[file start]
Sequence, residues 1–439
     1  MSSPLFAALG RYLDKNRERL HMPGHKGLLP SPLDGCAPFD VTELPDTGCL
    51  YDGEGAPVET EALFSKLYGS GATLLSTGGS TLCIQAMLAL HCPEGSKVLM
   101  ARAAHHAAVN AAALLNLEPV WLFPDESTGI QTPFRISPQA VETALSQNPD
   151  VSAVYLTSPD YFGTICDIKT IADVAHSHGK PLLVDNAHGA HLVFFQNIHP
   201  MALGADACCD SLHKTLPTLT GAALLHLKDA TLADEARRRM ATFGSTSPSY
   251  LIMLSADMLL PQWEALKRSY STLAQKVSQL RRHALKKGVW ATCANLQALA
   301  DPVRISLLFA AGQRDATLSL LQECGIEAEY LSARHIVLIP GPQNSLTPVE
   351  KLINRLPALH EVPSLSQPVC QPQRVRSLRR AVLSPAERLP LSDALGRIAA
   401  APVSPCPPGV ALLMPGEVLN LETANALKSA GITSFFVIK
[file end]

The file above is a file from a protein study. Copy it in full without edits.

Sequence, residues 1–439
     1  MSSPLFAALG RYLDKNRERL HMPGHKGLLP SPLDGCAPFD VTELPDTGCL
    51  YDGEGAPVET EALFSKLYGS GATLLSTGGS TLCIQAMLAL HCPEGSKVLM
   101  ARAAHHAAVN AAALLNLEPV WLFPDESTGI QTPFRISPQA VETALSQNPD
   151  VSAVYLTSPD YFGTICDIKT IADVAHSHGK PLLVDNAHGA HLVFFQNIHP
   201  MALGADACCD SLHKTLPTLT GAALLHLKDA TLADEARRRM ATFGSTSPSY
   251  LIMLSADMLL PQWEALKRSY STLAQKVSQL RRHALKKGVW ATCANLQALA
   301  DPVRISLLFA AGQRDATLSL LQECGIEAEY LSARHIVLIP GPQNSLTPVE
   351  KLINRLPALH EVPSLSQPVC QPQRVRSLRR AVLSPAERLP LSDALGRIAA
   401  APVSPCPPGV ALLMPGEVLN LETANALKSA GITSFFVIK